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Wisconsin Names

Sherman Booth
Booth was the editor of the Wisconsin Freeman--the leading voice of abolition in Wisconsin--and a prominent organizing member of the Republican party in the state when he was arrested in 1854 for his role in freeing Joshua Glover, a runaway slave. Booth's case grew to national stature over the next six years as the federal goverment and the state engaged in an ongoing legal battle over states' rights. Freed by the state and rearrested numerous times over those six years, Booth was finally forcibly freed by a group of men from Ripon and Waupun and brought to Fond du Lac County, where for the next two months Booth's supporters resisted attempts by federal marshals to recapture him.

William Bowles
Bowles was among the five Wisconsin men captured following the Battle of Hickory Point, Kansas, and imprisoned at the territorial capital at Lecompton in September, 1856. He was the only man of nearly 100 imprisoned to die while incarcerated.

William W. Caine
William Caine, a resident and farm hand in Chester Township during the 1850s and 1860s, was representative of the Republican activism characterizing the county and much of central Wisconsin in the years leading up to the Civil War. A young man, Caine responded to the Kansas call, pre-empting one hundred and sixty acres in Anderson County, Kansas, in 1855. When Missouri border ruffians with southern sympathies drove Caine from his new home the same year, he joined a company of the Fifth Regiment of Kansas Volunteers, under the command of Captain John Brown, and became one of the original twenty men in Brown's  infamous abolitionist crusade in Kansas. Caine served as a scout in Brown's unit, and with it participated in the battle of Osawatomie. (See also Caine Obituary, Winona, Minnesota 1913)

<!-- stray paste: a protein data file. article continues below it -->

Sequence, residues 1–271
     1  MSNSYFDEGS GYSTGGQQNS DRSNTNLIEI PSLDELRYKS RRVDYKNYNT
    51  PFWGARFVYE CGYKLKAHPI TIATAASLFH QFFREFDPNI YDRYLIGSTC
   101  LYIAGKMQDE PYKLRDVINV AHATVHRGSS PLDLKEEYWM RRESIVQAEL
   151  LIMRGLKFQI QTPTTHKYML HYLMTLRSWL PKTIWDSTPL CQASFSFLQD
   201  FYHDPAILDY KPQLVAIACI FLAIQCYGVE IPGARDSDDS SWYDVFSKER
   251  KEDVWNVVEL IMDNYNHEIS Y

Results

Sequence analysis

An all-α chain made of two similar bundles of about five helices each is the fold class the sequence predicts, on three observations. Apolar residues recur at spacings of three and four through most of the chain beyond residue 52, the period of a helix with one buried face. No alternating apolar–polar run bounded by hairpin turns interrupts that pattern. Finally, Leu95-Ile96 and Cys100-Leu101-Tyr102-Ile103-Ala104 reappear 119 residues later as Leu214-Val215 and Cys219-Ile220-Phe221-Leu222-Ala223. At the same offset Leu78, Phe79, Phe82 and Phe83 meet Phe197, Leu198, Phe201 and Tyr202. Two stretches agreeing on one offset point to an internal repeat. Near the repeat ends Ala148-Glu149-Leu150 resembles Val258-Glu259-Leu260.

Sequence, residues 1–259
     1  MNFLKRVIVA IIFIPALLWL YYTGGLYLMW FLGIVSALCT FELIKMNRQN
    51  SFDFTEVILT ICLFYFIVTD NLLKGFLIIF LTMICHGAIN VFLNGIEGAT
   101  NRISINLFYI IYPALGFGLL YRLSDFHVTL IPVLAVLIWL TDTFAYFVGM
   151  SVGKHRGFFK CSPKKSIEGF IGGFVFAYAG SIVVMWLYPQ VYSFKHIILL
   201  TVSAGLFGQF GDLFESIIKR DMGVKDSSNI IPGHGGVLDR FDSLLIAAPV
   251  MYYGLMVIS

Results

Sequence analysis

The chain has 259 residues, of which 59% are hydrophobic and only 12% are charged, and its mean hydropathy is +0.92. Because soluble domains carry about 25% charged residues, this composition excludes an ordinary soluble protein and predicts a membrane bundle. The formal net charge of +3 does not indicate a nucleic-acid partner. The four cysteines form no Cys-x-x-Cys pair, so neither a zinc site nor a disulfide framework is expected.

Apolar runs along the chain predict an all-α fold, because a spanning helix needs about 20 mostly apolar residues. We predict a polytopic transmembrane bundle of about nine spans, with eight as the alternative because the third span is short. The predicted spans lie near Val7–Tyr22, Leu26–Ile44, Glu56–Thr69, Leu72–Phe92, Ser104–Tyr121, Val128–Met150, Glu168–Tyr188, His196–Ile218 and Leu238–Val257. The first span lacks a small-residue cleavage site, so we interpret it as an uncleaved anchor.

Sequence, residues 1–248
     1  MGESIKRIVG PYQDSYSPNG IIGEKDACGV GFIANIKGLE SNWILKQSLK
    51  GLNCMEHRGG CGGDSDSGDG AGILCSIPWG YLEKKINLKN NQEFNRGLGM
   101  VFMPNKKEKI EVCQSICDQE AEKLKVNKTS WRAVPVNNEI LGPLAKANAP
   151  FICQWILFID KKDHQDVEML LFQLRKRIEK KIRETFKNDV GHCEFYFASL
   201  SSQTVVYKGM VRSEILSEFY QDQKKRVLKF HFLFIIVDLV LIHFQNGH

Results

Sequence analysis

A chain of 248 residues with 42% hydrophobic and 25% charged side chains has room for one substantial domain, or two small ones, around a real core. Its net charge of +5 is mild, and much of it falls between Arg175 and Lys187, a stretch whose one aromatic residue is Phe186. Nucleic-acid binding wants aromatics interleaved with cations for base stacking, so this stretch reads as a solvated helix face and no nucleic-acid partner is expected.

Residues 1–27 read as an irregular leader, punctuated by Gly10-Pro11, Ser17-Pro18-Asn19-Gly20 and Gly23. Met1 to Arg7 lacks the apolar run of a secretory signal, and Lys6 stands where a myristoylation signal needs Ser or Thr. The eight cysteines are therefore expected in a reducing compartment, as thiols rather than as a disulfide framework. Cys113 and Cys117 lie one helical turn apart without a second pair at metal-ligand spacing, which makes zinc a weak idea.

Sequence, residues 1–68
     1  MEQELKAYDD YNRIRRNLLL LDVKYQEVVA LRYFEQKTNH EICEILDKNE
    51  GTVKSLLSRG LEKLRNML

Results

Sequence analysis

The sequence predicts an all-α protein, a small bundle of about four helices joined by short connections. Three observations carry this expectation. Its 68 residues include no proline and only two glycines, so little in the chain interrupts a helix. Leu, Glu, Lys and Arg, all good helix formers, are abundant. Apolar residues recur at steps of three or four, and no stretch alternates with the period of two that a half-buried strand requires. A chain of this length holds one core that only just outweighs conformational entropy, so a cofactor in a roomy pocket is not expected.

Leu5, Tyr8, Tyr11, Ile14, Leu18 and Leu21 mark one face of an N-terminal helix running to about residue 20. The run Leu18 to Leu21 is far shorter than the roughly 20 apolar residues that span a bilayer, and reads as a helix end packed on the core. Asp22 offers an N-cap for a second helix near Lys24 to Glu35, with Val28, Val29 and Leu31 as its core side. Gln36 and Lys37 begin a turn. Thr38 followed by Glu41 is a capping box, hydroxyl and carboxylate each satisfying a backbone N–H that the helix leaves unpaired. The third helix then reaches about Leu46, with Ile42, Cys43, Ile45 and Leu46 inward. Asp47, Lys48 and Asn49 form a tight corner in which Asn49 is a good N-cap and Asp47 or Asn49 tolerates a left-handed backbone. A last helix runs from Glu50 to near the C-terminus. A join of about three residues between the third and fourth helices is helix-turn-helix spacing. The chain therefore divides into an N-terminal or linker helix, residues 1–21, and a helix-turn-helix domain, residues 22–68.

Edward Daniels
Daniels was on the faculty of Brockway--later Ripon--College and was both the state geologist and a member of the Board of Regents of the state's normal schools system when he became involved in the plan to liberate Sherman Booth from federal custody in Milwaukee during the summer of 1860. Prior to the notoriety he gained with the Booth affair, Daniels was also intimately involved with the Emigrant Aid Society of Wisconsin, in which role he transported weapons to the Kansas Territory for use by Free-soil settlers. With the onset of the Civil War in 1861, Daniels organized the First Wisconsin Cavalry regiment in Ripon and served as its first colonel.

Frederick Douglass
Born in 1818 in Maryland as a slave, self-educated, confidant of Lincoln and John Brown, Douglass became one of the most eloquent of spokesmen for African Americans and the anti-slavery cause. Between 1854 and 1860, he was also a frequent visitor to Wisconsin.

H. Ford Douglass
A black antislavery spokesman from Ohio and later Illinois, Douglass appeared in Wisconsin several times during the late 1850s to speak against slavery.

Hans C. Heg